Have you ever wandered through a timber frame home or barn, the timbers stretching gracefully upward like tree trunks, the exposed wood arching like branches far above your head? These structures are part of the New England landscape in a region where wood is a popular building material and several Maine businesses cater solely to their construction. One of the first to be established was Connolly & Company Timber Frame Homes & Barns.
In the 1970s John Connolly, fascinated by the elegance of old joinery found in Maine’s barns, started a business building new timber frames. It was a new market back then, but over the years he has trained countless other timber framers in Maine—previous employees that have gone out on their own.
Generally, Connolly & Co. builds in New England and the East Coast but they have put up structures as far away as Colorado, Texas, and New Brunswick, Canada. They rely on Maine’s forests for Eastern white pine and hemlock, and much of their dimensional lumber comes from western Maine suppliers.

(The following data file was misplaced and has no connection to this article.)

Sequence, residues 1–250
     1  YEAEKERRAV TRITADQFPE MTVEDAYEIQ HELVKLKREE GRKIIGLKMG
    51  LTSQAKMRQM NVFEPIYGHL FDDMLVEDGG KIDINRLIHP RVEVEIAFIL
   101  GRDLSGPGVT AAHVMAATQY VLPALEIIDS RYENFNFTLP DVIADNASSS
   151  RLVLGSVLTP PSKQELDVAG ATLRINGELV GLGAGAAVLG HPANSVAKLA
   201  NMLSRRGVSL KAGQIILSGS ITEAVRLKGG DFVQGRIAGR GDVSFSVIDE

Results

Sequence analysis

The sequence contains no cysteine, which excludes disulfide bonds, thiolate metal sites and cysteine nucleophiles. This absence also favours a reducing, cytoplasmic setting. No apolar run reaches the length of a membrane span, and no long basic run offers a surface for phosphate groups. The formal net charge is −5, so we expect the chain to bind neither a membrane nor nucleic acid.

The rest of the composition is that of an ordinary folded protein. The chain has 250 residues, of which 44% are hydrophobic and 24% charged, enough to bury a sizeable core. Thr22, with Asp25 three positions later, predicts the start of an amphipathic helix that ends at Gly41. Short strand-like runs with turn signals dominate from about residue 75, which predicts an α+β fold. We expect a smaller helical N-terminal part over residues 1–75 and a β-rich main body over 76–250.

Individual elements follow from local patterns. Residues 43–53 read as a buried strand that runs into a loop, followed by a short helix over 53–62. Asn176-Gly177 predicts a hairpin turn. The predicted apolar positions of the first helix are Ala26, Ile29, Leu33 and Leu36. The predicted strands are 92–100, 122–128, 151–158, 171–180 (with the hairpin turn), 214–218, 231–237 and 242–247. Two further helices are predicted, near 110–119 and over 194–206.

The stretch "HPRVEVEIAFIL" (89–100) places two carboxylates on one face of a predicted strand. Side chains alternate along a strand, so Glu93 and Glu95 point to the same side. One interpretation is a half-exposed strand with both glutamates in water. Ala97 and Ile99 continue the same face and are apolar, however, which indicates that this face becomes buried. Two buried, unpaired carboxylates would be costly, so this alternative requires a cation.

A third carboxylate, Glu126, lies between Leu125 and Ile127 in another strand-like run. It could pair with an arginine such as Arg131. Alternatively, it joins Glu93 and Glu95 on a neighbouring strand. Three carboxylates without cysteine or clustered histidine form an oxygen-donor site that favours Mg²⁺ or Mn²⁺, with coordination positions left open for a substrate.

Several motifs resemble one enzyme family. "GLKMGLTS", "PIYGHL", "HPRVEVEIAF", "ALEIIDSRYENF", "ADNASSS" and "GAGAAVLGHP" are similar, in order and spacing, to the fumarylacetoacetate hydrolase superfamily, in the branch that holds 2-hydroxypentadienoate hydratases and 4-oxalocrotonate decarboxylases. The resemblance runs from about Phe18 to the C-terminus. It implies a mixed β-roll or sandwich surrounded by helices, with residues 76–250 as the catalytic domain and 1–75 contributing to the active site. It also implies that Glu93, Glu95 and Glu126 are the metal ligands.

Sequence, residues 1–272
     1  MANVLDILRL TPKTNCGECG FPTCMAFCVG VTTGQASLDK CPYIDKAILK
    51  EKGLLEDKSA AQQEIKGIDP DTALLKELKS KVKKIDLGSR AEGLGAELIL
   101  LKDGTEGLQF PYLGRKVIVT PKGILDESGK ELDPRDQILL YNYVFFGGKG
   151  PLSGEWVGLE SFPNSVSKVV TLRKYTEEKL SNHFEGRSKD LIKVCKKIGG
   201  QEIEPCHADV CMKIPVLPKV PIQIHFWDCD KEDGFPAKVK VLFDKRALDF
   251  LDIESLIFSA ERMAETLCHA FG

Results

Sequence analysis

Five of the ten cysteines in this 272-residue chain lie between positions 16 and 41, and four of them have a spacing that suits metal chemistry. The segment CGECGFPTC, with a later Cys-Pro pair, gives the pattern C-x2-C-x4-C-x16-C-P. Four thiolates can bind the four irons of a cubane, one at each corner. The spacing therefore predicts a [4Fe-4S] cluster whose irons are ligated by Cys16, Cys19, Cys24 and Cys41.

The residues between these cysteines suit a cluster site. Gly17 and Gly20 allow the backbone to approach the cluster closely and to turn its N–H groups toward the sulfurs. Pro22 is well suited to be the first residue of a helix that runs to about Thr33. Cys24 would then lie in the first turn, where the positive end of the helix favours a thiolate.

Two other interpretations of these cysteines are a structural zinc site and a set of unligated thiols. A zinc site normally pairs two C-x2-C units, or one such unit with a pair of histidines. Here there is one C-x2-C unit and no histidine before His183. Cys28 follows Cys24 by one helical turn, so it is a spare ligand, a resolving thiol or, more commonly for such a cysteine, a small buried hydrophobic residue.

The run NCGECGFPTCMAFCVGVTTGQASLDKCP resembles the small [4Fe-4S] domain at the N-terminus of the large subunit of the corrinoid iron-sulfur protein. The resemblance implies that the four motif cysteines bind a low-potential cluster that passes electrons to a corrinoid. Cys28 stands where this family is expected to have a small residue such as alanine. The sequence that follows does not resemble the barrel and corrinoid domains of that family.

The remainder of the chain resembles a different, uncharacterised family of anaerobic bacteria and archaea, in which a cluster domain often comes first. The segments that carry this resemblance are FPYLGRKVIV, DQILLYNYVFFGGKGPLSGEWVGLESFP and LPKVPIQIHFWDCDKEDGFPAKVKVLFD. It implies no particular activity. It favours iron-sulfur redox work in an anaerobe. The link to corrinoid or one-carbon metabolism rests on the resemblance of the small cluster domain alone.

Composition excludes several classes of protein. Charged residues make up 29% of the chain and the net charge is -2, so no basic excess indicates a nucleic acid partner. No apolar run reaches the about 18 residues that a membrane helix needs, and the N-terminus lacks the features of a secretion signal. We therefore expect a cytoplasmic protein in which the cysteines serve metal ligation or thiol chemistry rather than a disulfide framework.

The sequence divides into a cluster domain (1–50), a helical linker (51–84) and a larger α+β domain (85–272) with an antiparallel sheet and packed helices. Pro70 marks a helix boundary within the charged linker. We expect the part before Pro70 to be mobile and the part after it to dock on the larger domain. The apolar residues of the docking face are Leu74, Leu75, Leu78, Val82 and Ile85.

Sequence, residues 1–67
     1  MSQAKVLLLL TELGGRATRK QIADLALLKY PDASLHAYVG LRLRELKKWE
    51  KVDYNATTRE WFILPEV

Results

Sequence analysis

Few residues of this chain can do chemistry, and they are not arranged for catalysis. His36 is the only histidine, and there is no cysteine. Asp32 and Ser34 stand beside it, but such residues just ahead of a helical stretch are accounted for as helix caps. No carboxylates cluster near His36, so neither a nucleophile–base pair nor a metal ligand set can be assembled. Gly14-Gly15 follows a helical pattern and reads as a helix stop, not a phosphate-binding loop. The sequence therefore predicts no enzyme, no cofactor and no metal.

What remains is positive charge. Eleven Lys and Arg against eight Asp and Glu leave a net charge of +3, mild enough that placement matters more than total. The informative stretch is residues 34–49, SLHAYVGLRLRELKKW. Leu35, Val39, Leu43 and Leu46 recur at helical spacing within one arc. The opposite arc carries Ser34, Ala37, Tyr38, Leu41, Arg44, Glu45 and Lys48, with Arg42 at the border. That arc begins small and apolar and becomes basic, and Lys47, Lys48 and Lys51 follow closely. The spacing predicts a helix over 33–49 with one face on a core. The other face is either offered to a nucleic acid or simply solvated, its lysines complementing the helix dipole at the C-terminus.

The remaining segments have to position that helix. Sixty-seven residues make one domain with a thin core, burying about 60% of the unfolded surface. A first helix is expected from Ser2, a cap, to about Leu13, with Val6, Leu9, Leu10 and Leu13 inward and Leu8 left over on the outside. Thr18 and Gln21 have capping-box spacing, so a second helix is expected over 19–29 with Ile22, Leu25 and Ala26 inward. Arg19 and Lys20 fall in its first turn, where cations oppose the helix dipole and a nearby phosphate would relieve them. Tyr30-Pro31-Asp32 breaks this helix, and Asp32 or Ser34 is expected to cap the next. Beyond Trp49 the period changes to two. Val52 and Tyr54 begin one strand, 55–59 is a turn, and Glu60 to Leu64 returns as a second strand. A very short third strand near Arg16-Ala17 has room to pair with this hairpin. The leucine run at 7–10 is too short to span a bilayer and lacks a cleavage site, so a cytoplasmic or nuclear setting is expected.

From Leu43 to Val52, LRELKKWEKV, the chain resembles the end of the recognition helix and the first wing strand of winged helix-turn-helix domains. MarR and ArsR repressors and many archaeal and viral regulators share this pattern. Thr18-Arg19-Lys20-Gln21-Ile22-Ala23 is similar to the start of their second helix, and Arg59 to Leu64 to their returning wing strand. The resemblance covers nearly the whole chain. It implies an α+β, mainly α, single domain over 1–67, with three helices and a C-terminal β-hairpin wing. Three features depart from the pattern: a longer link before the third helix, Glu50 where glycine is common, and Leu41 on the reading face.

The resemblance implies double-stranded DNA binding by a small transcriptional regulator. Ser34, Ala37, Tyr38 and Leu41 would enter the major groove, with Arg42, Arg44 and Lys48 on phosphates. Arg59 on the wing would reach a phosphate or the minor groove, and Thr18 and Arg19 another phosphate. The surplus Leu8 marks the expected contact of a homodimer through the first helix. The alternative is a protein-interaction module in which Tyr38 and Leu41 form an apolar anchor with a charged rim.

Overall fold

Today John is retired and his daughter, Erin, who says she has been balancing on timbers since she could walk, is the owner. She has been working in the business for a little more than a decade and bought it four years ago. Under her leadership the business is quickly approaching the milestone of 300 frames built. It helps that they have a lot of repeat business from happy customers, and whose word-of-mouth referrals result in orders from friends or relatives. “I love the atmosphere,” Erin says, “the design aspect and the constant difference—some people come with a complete set of architectural drawings, others just have an idea in their head.” Before officially taking over in 2015, she spent about six years working both with her father who ran the business, and the framers down in the shop. One of her favorite always-evolving skills has been learning to design buildings and use Auto CAD (computer-aided design) software as well as SketchUp. She now does most of the designing herself and gets joinery help from her foreman who learned timber framing from her father.
Maine’s timber frame structures have spanned generations and this company, under Erin’s guidance, is doing the same. Perhaps decades from now future generations will be admiring some of these handsome, sturdy structures as much as they admire the people and forests that made them possible.